Most people don’t need to be told to Go Play Outside as much as they can in the height of summer. My pre-teen son, maybe, when he’s eyebrow-deep in videogames and YouTubes of other people playing videogames. But otherwise, we all know July is a playground, don’t we?
Example: When you find yourself free for half an hour while your kid is in drum lessons (in person again, thank God and Goddess), walk up the hill so steep you have to zig-zag in switchbacks to spare your ankles.
Find an intriguing path through unfamiliar woods.
Follow the path as it loops around a park, empty but for an ancient swing set, made of wood and rusty metal, replete with one broken swing.
Count four varieties of butterflies. Pause at mossy trees, like twisted skeleton hands, among the riot of green life. Get scolded by a blue jay. Startle from an animal crashing through the woods, across your path and into the bushes on the other side, so suddenly and loudly that for a moment you aren’t sure what it was. A dog, surely, as you are surrounded by neighborhood and farmland. But those woods, that whip of a tail, that speed….
It was a dog, chasing a rabbit. Must have been a dog.
Stumble across daisies. Dare to pick a few, hoping no one in the neighborhood that is not yours will notice, or mind.
Find a complicated purple flower bubbling up on fountains of green leaves. Learn by a Google Lens search that this has the romantic name of “crown vetch”.
Wonder what a vetch is, and whether it’s some sort of curse or blessing.
More daisies, glorious daisies, all the daisies you could dream of picking. No neighbor would scold you for collecting them, for no handful could be missed in this vast galaxy of white and yellow stars.
With your fist gripping your bounty, recall that summer, and wildflowers, are free.
Lately I’ve been taking walks every Sunday with a friend. It’s socially distanced, outside, and away from our houses and kids. We’ve explored neighborhoods and trails, window-shopped our quaint downtown on shoveled sidewalks and slogged through woods on snowshoes. We both look forward to it every week, not just for the chance to get a couple hours of fresh air but for the novelty of in-person conversation.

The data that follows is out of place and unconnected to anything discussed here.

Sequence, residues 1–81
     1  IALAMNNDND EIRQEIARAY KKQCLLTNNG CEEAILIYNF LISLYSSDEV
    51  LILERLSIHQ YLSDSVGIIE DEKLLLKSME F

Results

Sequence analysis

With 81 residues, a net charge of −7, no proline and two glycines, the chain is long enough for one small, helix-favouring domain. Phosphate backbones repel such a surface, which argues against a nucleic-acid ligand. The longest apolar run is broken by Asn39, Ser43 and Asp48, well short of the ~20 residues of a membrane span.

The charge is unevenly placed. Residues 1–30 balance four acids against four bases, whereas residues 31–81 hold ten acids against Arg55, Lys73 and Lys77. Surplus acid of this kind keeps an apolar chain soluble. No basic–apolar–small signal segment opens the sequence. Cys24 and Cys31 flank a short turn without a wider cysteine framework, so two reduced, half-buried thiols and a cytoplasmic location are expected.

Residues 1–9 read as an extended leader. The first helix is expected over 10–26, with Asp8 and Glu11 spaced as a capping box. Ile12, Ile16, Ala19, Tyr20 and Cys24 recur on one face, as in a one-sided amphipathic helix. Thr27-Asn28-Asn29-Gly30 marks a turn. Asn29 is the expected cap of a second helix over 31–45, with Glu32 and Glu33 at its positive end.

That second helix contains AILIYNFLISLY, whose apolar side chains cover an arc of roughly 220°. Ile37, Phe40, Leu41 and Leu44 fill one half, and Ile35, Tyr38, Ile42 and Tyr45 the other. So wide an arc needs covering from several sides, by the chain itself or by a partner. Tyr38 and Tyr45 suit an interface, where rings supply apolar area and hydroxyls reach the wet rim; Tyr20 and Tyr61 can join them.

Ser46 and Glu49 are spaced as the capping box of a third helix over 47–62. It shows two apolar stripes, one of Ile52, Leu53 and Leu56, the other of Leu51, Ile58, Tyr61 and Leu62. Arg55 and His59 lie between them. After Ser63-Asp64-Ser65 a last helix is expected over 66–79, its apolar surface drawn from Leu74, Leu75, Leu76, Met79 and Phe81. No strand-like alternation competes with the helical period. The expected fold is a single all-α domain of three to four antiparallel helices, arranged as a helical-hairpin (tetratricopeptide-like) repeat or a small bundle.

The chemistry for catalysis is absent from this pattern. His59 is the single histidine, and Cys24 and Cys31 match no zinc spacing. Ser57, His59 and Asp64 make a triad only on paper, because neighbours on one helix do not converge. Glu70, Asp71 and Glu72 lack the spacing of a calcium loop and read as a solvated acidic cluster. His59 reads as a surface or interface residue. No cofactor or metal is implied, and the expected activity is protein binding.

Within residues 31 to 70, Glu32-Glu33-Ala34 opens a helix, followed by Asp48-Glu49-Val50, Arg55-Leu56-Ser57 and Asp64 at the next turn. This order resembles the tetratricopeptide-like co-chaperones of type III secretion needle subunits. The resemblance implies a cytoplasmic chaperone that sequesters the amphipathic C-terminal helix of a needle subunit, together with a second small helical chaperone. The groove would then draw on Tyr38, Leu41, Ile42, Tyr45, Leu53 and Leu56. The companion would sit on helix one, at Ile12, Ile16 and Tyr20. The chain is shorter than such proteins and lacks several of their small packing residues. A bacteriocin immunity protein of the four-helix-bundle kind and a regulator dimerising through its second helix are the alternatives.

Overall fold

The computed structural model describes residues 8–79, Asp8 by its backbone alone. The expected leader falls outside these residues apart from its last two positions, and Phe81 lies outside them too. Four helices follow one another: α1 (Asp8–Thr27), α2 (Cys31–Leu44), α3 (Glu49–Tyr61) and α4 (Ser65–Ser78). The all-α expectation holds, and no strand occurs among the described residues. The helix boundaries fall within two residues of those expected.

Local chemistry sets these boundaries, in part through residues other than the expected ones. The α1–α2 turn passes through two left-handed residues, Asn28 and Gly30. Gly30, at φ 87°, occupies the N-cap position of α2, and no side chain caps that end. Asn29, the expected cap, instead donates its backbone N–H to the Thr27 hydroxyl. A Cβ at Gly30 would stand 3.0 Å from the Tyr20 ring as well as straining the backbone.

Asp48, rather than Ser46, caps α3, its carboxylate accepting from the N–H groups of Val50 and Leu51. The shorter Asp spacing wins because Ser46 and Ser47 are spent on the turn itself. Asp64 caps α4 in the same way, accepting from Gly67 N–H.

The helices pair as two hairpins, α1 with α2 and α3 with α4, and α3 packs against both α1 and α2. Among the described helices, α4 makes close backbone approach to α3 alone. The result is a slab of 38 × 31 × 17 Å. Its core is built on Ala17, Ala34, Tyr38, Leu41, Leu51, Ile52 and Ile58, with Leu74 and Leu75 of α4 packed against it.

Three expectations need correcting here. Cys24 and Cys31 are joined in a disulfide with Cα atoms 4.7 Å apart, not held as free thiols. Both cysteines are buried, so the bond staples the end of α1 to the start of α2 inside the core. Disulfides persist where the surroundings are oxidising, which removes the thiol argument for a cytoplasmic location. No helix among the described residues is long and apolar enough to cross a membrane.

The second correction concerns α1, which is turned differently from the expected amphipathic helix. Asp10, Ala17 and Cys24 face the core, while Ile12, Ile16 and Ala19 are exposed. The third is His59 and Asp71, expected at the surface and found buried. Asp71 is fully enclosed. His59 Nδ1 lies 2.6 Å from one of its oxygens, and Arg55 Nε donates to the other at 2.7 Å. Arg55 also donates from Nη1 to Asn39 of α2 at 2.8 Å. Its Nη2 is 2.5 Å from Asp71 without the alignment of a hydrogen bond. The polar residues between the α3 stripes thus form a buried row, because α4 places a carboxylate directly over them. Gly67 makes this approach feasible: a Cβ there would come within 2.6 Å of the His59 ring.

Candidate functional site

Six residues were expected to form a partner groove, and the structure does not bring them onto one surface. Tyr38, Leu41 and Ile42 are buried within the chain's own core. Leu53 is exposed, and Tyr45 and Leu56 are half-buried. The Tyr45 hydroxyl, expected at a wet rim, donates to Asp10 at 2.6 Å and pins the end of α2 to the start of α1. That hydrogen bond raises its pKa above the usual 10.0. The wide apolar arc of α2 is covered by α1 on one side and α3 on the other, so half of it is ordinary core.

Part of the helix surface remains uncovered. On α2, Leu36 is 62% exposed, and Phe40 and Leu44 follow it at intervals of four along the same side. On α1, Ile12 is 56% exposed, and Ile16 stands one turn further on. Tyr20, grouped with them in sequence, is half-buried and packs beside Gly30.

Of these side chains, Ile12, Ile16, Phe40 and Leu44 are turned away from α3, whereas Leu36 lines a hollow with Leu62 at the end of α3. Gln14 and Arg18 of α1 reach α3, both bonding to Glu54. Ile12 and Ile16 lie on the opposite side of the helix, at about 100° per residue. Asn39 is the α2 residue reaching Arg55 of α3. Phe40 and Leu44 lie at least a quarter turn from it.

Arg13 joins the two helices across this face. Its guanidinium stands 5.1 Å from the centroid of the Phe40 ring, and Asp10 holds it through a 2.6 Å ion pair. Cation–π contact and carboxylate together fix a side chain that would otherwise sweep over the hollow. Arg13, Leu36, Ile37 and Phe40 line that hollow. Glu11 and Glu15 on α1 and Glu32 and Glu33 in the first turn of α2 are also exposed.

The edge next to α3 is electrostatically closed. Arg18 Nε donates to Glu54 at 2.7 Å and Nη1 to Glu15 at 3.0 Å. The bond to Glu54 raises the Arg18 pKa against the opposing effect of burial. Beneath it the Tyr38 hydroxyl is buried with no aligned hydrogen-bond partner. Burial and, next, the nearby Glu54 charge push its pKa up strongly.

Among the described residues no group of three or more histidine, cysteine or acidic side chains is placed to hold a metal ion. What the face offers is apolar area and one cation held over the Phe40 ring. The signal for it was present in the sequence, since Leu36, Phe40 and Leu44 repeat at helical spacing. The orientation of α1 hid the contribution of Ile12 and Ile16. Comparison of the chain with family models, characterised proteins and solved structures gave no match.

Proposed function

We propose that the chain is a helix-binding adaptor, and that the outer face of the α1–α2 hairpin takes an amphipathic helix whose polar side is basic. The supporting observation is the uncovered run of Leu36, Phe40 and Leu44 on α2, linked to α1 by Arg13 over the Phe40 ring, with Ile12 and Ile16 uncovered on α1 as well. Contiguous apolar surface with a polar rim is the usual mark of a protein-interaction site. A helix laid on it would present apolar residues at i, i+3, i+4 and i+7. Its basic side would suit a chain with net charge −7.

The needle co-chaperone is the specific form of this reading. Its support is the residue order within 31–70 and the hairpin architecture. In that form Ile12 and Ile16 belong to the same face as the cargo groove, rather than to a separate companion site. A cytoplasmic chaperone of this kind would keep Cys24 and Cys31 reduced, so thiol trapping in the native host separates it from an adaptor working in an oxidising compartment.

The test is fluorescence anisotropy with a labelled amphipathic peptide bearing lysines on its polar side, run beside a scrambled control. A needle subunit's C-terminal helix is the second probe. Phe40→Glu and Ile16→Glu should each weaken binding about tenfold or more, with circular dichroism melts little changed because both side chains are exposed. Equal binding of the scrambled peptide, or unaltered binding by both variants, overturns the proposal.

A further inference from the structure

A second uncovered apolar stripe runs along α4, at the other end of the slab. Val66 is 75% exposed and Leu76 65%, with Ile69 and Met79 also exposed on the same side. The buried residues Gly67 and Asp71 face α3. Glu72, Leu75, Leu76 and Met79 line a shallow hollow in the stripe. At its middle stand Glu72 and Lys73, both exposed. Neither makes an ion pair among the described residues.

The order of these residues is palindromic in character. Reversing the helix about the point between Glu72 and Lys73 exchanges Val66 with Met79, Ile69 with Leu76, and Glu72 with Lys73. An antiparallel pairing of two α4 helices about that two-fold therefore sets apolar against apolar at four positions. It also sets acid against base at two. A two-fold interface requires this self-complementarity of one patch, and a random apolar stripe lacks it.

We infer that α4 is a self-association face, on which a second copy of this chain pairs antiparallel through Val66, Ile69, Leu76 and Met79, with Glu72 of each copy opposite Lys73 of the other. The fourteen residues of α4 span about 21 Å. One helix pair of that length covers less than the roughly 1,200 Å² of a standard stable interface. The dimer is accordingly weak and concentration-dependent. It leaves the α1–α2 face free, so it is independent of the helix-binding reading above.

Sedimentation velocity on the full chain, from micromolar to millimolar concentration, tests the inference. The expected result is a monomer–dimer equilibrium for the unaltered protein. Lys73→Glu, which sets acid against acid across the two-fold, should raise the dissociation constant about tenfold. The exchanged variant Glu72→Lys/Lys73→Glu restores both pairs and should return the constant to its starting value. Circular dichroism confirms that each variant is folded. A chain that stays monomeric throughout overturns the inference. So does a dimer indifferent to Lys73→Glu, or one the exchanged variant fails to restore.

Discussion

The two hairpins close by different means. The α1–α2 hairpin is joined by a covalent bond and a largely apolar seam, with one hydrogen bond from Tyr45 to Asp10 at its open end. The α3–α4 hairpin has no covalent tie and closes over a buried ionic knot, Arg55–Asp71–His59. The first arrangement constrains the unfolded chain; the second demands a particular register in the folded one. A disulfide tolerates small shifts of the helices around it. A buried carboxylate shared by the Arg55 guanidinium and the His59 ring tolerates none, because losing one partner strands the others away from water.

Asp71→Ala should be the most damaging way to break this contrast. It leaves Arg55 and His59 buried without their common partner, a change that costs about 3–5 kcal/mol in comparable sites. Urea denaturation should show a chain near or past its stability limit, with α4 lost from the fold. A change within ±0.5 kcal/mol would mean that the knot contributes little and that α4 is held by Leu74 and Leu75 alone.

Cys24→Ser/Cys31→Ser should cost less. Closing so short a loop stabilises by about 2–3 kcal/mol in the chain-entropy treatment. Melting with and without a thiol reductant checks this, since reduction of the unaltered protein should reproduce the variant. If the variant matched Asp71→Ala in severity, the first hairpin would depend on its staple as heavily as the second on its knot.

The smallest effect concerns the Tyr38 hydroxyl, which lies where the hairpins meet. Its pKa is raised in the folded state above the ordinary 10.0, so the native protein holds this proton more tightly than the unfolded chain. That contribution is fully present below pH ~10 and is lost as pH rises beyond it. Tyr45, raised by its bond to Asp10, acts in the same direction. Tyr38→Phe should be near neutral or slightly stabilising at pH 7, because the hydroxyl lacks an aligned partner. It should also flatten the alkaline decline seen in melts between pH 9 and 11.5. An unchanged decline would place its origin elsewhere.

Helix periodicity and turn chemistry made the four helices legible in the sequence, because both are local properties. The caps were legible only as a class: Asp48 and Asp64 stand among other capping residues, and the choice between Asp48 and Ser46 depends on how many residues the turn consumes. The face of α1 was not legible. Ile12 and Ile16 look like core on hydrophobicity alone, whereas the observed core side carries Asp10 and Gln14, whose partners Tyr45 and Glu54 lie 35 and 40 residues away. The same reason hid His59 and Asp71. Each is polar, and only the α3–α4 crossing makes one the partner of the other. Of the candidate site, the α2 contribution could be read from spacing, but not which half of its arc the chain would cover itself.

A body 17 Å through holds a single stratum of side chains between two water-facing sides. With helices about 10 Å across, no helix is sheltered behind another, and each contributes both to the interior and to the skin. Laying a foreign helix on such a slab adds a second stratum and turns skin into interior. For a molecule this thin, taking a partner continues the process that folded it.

One Sunday we were walking a trail by the Yahara River that wends through the woods. In the summer time, bullfrogs belt their basso profundo blues and red-winged blackbirds trill their swampy arias. In winter it’s far from barren, just more quiet. Snow shushes everything and the wildlife, if they aren’t sleeping deep in nests and holes, at least don’t feel like singing.
The beauty of the woods in winter is sometimes blatant – white snow sticks to black trees preening to be photographed naked – and other times elusive. Leaves turn brown, flowers die, color leaches out of the natural world. Maybe it’s that hyper-awareness that’s come from being cooped up indoors, but I found myself eagerly looking for beautiful objects this winter as if on a dare.
So when we stopped on a bench a mile and a half from our cars, I didn’t just notice the big black oaks that twist so dramatically. I tuned in to a small white branch among the decaying foliage.
I got close to inspect it. Along the pale branch were curling whisps like a grapevine seeking a fence, and leaves that still had all their fibers and structure but none of their color. I’d never seen this kind of ghost leaf before, but since then I’ve realized they’re pretty common in the Midwest. Back in Montana, the leaves either dry and crumble, or rot into dirt, not stop halfway through and decide to haunt the forest floor.
I was reaching for them, lacey leaves like delicate wings, and I wanted to explain to my friend why I was so interested in dead leaves. I wish I’d thought to call my collection of dry naked sticks a “winter bouquet,” but sometimes writers aren’t eloquent on the spot. So I plucked the ghost vines and said, “I have this vase of … desiccated things in my house, and I want to add this to it.”
She laughed. “If I had to pick a phrase that described how you decorate,” she said, “it would be ‘I have this vase of desiccated things in my house.’”
It sounded more morbid than I usually think of my eclectic and colorful home, but at the same time, she’s not wrong. I collect shells and rocks, feathers and sticks with ant writing. I have a couple animal skulls (clean), a paper wasp nest (empty), and an enormous array of crystals. My husband tends more toward strange devices and mechanical things, like microscopes, pocket watches, and an antique electroshock machine with a hand crank.
It’s important to have friends who truly see you, and who can put a name to your truths.